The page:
National Enquirer publisher denies breaking law in Jeff Bezos 'blackmail photos' row

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Ronan Farrow, the New Yorker's Pulitzer Prize winning journalist who has reported on the National Enquirer, said in a tweet Thursday night that AMI attempted to blackmail him.

The clash between the world's richest man and America's most aggressive supermarket tabloid spilled into public view late Thursday when Bezos accused it of threatening to print photos of Bezos and the woman with whom he was having an extramarital affair.

"Further, at the time of the recent allegations made by Mr. Bezos, it was in good faith negotiations to resolve all matters with him", the company said.

AMI was "unnerved" when Bezos' investigation into the story touched on the publishing company's Saudi connections, he claimed.

In Bezos' blog post, the Amazon mogul wrote David Pecker, the chairman and CEO of American Media Inc., and his company "have also been investigated for various actions they've taken on behalf of the Saudi Government".

"What you don't want to have happen is all of this lingering stuff that bleeds itself out and it just takes on a life of its own", said Larcker, who doesn't anticipate the controversy hurting Amazon sales at this point.

A spokesman for the SDNY attorney's office declined to comment on the matter.

As for Bezos, Jon Fine threatened that AMI would go public with the photos unless Bezos and Gavin de Becker followed a number of different terms, including stating publicly that they "have no knowledge or basis for suggesting that AMI's coverage was politically motivated or influenced by political forces" (which the Amazon CEO says is a falsehood). He claims that "numerous" people have told their investigative team that they received and gave into blackmail threats from AMI. AMI has entered into a non-prosecution agreement with federal prosecutors in NY and is cooperating in the investigation into its payment to former Playboy model Karen McDougal to suppress a story about her claimed affair with Trump.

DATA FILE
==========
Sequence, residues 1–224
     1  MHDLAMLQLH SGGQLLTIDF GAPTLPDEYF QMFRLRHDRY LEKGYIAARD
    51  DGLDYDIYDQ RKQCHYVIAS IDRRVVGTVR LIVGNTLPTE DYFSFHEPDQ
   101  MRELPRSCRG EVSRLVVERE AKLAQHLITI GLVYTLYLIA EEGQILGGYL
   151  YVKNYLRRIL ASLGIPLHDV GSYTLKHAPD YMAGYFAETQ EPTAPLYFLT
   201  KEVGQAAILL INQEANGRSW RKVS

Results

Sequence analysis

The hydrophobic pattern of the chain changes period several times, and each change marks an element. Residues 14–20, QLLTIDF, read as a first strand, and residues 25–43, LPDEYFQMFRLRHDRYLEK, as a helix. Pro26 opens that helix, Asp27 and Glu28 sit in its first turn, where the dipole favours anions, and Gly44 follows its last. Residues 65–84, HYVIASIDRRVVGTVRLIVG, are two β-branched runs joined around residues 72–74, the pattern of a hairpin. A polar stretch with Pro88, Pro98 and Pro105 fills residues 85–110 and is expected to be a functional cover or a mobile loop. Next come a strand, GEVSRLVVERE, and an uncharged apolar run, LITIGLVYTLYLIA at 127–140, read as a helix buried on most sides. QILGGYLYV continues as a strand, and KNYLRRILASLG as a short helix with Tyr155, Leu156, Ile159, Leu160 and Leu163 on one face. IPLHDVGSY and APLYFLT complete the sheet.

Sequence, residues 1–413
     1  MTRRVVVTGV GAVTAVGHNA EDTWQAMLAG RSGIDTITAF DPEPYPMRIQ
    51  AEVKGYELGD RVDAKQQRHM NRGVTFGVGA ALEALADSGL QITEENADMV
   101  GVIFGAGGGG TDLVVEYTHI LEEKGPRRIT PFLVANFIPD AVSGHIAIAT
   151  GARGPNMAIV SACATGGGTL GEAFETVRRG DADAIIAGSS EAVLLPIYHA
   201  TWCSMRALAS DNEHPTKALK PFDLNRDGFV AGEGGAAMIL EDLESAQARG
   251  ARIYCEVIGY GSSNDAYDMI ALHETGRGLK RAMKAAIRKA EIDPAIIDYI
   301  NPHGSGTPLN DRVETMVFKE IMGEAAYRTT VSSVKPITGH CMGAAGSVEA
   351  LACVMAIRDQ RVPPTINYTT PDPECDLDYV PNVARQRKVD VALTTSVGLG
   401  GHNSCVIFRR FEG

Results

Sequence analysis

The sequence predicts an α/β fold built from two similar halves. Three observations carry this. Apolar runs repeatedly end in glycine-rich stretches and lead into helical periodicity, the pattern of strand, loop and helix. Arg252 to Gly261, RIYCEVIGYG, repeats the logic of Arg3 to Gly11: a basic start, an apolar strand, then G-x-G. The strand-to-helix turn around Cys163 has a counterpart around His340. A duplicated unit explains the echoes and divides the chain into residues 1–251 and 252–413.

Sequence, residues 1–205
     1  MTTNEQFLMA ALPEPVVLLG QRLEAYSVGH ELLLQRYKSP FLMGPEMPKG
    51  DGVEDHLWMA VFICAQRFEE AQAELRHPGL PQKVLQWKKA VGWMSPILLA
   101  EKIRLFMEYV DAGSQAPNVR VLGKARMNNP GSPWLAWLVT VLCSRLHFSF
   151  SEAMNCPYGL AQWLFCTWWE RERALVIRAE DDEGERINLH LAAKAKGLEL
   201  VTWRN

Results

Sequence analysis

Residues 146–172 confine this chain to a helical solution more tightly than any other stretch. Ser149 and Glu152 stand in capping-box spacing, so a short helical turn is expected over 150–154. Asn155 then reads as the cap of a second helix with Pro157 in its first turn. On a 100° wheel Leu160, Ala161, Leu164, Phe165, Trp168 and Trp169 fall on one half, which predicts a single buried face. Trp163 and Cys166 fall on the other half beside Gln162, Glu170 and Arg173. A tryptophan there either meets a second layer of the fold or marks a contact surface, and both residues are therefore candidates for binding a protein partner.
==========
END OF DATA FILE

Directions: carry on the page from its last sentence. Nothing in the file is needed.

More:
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It's a lesson Pecker could have learned from another former Trump associate who, in service of the Donald, also ran afoul of the law: Paul Manafort, the president's former campaign manager who was indicted by special counsel Robert Mueller in October 2017 for a bevy of charges related to his prior lobbying work for pro-Russian interests in Ukraine.

After ex-Trump lawyer Michael Cohen was sentenced to three years in prison in December for bank fraud, tax fraud, campaign finance violations, and lying to congressional investigators, prosecutors in the SDNY announced in a press release that it "previously reached a non-prosecution agreement" with AMI.

Trump's longtime personal attorney and fixer Michael Cohen pleaded guilty previous year to charges that included helping to broker that transaction. AMI also allegedly enteredinto an immunity deal with the Department of Justice about the "catch and kill" process. "That by itself is problematic", he told Fox News.

If SDNY determines that a crime was committed, the non-prosecution may be voided and any testimony AMI provided will be "admissible in evidence in any criminal proceeding brought against AMI".

His blog contained itemised details of 10 pictures in an email from National Enquirer editor Dylan Howard, who said they had been "obtained during our newsgathering".

Camera IconPatrick Whitesell, Lauren Sanchez and Amazon CEO Jeff Bezos.

What Pecker is about to learn, to his sorrow, is that prosecutors tend not to extend that kind of deal twice. "Once they feel there is value after a "proffer" session with that person, will they grant it", he said.

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